Tuesday, December 4, 2012

Almond Biscotti

The idea of making biscotti has truthfully never been quite appealing to me because it seemed like a time consuming process. This, coupled with the fact that most members of my family aren't huge biscotti fans anyway, led me to ignore most biscotti recipes I have seen in the past.

Last summer, however, one of the things I learned to make during my trip to Italy was this biscotti. The recipe was very easy and actually not as time consuming as I thought; although the biscotti had to bake twice each time was only fifteen to twenty minutes. Also because the loaves were sliced while still hot from the first baking they were actually very easy to cut into pieces, unlike my delicious but difficult to slice fruit and nut crisps.

During my trip to Italy I not only picked up some new recipes but I also brought back some ingredients, one of which was Italian baking soda. When I first showed this to my mom she scoffed and questioned my need to buy specific baking soda from Italy. "Isn't ours good enough?" she asked me. Although there is nothing wrong with our baking soda I was fascinated by the fact that the one we used in Italy already had vanilla mixed into it, therefore no additional vanilla extract had to be added to the biscotti.

Up until last week my Italian baking soda had been sitting, unopened, in the kitchen cupboard. Finally I put it to use when I baked these biscotti. I think the person most surprised by the biscotti was my mom; she did not expect the biscotti to still be soft and chewy rather than hard like a rock as is typical of biscotti sold in stores here. Also she enjoyed the fact that each bite held a new "surprise" as she called it with the chunks of chocolate, almonds, hint of cinnamon, orange, and lemon. I was glad she enjoyed it so much, in addition to the rest of the family, and I think I will be baking it again soon for my holiday treat boxes.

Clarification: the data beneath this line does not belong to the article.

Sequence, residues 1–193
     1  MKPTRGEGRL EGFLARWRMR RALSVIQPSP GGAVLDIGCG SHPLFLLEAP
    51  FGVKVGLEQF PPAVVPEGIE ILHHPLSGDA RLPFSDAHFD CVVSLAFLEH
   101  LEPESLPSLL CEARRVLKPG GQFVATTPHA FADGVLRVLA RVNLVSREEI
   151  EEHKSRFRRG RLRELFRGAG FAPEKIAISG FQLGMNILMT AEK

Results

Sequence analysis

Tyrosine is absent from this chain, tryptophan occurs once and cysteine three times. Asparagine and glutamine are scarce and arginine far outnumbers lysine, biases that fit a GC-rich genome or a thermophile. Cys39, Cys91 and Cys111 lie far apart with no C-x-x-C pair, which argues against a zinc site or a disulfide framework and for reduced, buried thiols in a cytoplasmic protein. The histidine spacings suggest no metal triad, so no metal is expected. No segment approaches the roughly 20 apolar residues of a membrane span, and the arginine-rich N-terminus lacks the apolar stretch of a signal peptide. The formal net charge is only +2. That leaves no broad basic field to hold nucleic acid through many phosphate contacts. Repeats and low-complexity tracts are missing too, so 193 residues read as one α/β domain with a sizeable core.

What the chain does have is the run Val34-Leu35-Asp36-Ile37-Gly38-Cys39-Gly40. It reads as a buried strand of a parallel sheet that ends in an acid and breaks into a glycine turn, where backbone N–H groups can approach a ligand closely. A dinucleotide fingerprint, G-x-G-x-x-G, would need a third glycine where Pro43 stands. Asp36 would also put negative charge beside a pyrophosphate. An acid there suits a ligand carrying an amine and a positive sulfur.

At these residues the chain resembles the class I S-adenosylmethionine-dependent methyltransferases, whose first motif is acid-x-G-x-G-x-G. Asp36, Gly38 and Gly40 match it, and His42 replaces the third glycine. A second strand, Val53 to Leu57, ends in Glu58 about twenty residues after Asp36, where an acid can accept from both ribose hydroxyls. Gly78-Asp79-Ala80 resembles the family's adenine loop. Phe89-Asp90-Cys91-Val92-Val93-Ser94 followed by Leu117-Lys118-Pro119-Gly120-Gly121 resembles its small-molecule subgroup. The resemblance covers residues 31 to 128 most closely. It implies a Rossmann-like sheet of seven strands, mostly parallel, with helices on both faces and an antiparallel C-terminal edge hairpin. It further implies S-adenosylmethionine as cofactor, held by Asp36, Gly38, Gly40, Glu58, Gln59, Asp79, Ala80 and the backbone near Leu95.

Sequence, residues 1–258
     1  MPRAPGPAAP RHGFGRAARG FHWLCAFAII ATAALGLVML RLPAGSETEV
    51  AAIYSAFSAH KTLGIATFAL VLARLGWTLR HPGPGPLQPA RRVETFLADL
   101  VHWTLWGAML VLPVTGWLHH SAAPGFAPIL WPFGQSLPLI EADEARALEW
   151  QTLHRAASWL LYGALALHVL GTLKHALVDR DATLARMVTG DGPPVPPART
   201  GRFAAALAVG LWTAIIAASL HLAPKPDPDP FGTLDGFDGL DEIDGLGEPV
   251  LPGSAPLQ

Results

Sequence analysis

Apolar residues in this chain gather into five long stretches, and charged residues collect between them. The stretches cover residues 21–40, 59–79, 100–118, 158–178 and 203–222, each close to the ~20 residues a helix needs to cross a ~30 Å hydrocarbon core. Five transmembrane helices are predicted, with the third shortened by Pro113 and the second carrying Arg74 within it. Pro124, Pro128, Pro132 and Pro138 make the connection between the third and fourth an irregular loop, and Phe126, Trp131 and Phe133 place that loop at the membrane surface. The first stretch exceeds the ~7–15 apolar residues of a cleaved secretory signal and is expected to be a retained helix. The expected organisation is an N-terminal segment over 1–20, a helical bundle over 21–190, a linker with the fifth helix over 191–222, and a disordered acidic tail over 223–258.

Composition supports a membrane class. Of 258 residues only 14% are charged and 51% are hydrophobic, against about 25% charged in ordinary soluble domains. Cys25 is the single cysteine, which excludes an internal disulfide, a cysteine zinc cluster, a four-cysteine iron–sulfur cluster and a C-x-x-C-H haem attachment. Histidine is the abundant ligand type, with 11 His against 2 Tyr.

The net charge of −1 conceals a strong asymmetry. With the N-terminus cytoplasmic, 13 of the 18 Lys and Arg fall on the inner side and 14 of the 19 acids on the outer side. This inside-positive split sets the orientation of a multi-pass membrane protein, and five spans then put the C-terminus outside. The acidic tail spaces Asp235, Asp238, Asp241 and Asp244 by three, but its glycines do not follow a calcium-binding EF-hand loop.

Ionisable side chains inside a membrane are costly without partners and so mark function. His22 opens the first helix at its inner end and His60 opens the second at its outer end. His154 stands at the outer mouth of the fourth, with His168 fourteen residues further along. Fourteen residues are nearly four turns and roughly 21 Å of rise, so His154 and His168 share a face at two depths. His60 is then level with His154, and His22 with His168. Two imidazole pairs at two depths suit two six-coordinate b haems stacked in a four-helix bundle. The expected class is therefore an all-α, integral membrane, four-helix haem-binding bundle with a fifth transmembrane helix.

Almond Biscotti
Note: Although I used my special Italian baking soda I was provided with a recipe that uses regular baking soda and vanilla, which is reflected below.
  • 1 cup whole almonds, lightly toasted
  • 4 oz (112 g) chocolate, roughly cut into chunks
  • 1 orange, zested
  • 1 lemon, zested
  • ½ cup unsalted butter, melted
  • 1 cup sugar + extra for sprinkling
  • 3 large eggs, lightly beaten
  • 1 tsp almond extract (can be substituted with almond liquor)
  • ½ tsp cinnamon
  • ¼ tsp salt
  • 1½ tsp baking soda
  • 2¾ cups flour
  • 1 egg white
  1. In a large bowl combine the melted butter, sugar, orange and lemon zests. Add the vanilla and almond extract (or liquor).
  2. Mix in the beaten eggs and almonds.
  3. In a separate bowl sift together the flour with the cinnamon, salt. If working with liquor add the baking soda last to the dough, right before the chocolate, otherwise sift with the other dry ingredients.
  4. Add the dry ingredients to the wet and mix together until a dough forms. Using your hands, work in the chunks of chocolate into the dough.
  5. Split the dough in half and form into two long logs about 3" wide. Lay the logs onto a large baking sheet covered in parchment or wax paper. Make sure to leave space between the logs as they will widen as they bake.
  6. Pat down the logs so they have a flat surface and use a pastry brush to spread the egg white over top. Generously sprinkle sugar over the surface.
  7. Bake the biscotti for 15-20 minutes at 400 degrees Fahrenheit or until the tops of the logs start to crack and become a light golden color. 
  8. Remove from the oven and cut diagonally into long pieces while still warm. The best way to do this is to cut straight down rather than use a sawing motion. 
  9. Lay the cut pieces, cut side facing up, back on the tray and return to the turned off but still warm oven for 15-20 minutes. If you like the biscotti softer take them out sooner, if you like them crunchier leave them in for longer.

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